I feel like we need to see more of these characters again and Renegades is very much open for a sequel; do you have any ideas for where to take the story (without spoilers obviously)?

There’s definitely scope. There’s a rough idea of the direction to take it but there’s also a full slate at Shogun, so it’ll be a while before it hits script which is good for me as I have no time at the moment! All I’ll say on the idea is that it’ll be different enough to interest me. If it was just the same revenge plot I’d probably pass as I’ve got a couple of other films with some revenge dished out. But I think it’d be great to bring those guys back together. They’ve got great chemistry and a little like The Expendables you can also switch things up with the support cast and of course a whole new villain. The success will be the ultimate decisive factor I guess. What fans want, fans get usually.


How long does it take you usually to come up with a concept and write the full screenplay? Does it change with each project?

It depends on the project. I’ve had commissions where I’ve been asked to write something a month before the shoot, which usually gives me 2 weeks tops. Other projects take more time. Renegades for example evolved over the course of Covid (and in some ways benefited from added development time) and it was almost a year between starting and the main bulk of the shoot. Some things change just due to logistics, locations and boring realities of filmmaking. There was a big hangover even after lockdown ended which the production had to deal with. It narrowed the choice of locations for one, as many either raised their prices or were hesitant to rent to film crews.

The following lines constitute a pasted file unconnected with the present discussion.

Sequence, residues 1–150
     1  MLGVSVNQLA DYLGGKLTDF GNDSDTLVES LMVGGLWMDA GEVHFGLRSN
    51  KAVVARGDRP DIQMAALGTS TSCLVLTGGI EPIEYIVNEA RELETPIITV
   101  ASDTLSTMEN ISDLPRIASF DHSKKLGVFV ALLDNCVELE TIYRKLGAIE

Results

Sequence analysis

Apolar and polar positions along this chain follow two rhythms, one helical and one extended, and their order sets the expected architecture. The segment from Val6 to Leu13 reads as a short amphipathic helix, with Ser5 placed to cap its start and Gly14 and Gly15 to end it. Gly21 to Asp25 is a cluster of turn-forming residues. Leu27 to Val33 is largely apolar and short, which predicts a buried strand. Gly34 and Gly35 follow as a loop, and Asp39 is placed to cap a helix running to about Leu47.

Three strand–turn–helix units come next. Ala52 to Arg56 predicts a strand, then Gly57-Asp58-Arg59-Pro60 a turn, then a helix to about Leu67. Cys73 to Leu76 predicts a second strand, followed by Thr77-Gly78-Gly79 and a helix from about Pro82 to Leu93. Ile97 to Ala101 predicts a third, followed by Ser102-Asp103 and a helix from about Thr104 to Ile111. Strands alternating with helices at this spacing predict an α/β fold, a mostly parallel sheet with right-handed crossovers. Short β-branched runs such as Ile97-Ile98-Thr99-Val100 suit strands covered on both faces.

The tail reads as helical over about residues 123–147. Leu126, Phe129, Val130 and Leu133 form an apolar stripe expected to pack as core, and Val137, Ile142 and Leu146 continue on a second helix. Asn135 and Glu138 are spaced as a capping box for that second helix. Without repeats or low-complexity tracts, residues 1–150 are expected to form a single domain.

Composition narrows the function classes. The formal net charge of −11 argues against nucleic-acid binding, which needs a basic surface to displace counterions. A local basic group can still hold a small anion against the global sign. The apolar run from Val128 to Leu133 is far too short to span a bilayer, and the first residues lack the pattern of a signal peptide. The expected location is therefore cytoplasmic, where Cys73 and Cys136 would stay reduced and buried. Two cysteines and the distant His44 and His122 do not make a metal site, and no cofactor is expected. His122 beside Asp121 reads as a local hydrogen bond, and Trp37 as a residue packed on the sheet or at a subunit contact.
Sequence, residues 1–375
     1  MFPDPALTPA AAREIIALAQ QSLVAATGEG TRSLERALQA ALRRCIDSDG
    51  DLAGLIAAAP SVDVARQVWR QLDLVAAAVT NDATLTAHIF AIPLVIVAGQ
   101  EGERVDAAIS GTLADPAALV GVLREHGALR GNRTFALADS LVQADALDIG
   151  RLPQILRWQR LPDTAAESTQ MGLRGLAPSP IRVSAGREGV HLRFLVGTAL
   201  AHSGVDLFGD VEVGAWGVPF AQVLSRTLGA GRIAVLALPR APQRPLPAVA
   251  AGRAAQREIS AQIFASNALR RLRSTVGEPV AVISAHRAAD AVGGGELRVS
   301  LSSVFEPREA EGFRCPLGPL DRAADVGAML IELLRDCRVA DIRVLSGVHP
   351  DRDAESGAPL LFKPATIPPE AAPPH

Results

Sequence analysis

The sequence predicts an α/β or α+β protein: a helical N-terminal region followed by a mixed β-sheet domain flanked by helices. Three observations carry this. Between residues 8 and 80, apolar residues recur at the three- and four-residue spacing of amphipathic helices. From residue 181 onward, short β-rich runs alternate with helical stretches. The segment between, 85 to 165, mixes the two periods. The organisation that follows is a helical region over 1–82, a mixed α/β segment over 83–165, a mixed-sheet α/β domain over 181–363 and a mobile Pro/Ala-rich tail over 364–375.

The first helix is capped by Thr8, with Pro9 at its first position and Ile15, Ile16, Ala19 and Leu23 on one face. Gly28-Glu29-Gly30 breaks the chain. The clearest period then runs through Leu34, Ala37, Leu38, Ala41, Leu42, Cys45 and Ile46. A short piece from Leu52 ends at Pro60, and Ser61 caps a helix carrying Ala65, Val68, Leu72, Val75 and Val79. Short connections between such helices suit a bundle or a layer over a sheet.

I like how you write all kinds of genres; do you have a particular you enjoy writing?

My tastes are quite eclectic and I love a wide range of genres. Sometimes it’s just a concept thrown my way which attracts me, like a Firenado film for example. I can kind of tick that off and wouldn’t do Firenado 2 for example. If I know something will interest me, challenge me, or just be great fun to write, I’ll do it. Growing up as an action fan in the 80s and 90s I was naturally drawn to Renegades, and indeed other projects going forward with Shogun.

If I’m pushed for a favourite genre though, it’s probably horror. That said, my own preference of horror, things like The Shining, The Lighthouse, Possession or early Polanski, those kind of cerebral psychological horrors tend to be my preference, but people don’t greenlight those in the UK Indie scene, or ask me to write them. So that kind of film I have to make myself. I mostly get commissioned to write creature features, or disaster films. I’ve very rarely turned down a project but one of the few I did killing it at US Box Office (Winnie The Pooh: Blood and Honey), but sadly I was juggling too much at the time. That said, the guys have had loads of abuse and death threats online, so I did avoid that. It’s usually just my six year old daughter dishing the threats out to me.